No matter how anyone feels about eating meat (or not), it just makes sense to buy your food locally whenever possible.I think if most people actually saw a CAFO, it might just make the life of small farmers a lot better.

Rebecca said...

Interesting and I always love seeing those sweet lamb photos!

astoriaAnn said...

We eat meat (chicken pork or beef) once a week and get it from whole foods -- not sure if its all grass fed, but the chicken is "free range."

By the way, my 21 month old asks for your blog at night. She says "baaas please" by which she means pictures of sheep please, and when I show her them she says "awwww." She particularly enjoyed today's pictures. :)

Whosyergurl said...

Two beautiful photos! thank you for sharing! love those lambie-pies!
xo, Cheryl

Sarah Craighead Dedmon said...

I live in TX but moved here from N. Grafton, MA. I'm pleased to report that in the Dallas area I can now buy all of my meat, eggs, raw dairy (or pasteurized) and veggies from local organic farmers. It took a few years to find it all, but we need never buy CAFO meat again unless we don't plan ahead to get the meat when our farmer has it.

I so enjoy your books and your blog. It makes me homesick to see your gorgeous hills. I know you appreciate what a beautiful life you've created, we do too!

Laurie said...

Beautiful pictures, as always. Although we are not fans of lamb, we do eat beef, chicken, and occasionally a pork chop or fish. We aim to eat vegetarian 50% of the time and are usually pretty good about it (unless I get a wild craving for a burger or turkeys are on sale...). We are lucky to have a market in town (North Market) where we can buy locally raised meat and produce. We also have a couple small markets in our area that sell local. It's a process and something you really have to pay attention to, but quite worth the time and extra $$ to buy local.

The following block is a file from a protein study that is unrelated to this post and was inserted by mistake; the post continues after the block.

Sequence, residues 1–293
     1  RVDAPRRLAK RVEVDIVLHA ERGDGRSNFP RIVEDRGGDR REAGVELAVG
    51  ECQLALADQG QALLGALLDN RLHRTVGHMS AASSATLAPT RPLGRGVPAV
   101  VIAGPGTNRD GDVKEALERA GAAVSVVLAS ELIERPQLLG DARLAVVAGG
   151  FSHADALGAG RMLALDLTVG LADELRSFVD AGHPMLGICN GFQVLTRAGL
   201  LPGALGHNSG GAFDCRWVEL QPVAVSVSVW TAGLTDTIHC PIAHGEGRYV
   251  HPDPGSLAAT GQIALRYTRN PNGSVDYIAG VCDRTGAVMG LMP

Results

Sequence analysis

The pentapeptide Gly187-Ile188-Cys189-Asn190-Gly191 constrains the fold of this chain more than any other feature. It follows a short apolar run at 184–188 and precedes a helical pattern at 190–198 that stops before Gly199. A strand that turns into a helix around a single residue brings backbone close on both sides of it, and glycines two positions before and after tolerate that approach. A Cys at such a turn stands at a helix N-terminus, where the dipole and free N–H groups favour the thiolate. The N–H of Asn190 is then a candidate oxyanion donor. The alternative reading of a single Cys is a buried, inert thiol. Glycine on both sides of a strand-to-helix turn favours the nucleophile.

bookagent said...

I will have to do some research and see if I can buy locally raised meat in my home town. It would certainly be preferable!

Anonymous said...

The turning point for me was several years ago at the State Fair. The Minnesota State Fair has a day called "Minnesota Cooks". This is an all day program with local farmers and really good chefs. When you think about it shouldn't everyone's state fair have an emphasis on food produced in the same state?
Anyway, the first year we went, they were sampling grass-fed hamburger that was produced locally. My husband is more of a meat-eater than I am, but I was the reason that we went back 7 times over the course of the day to get another sample. This slowly led to our getting 95% of our meat directly from local sources, from our food co-op or from a butcher shop that has Eastern European roots. I'm glad that I can support local farmers and I get much better tasting food to enjoy!

annannan said...

Am a knitting agronomist coming to your site from some other blog. Just wanted to say what a great job you do in explaining a few things of farming reality in this way-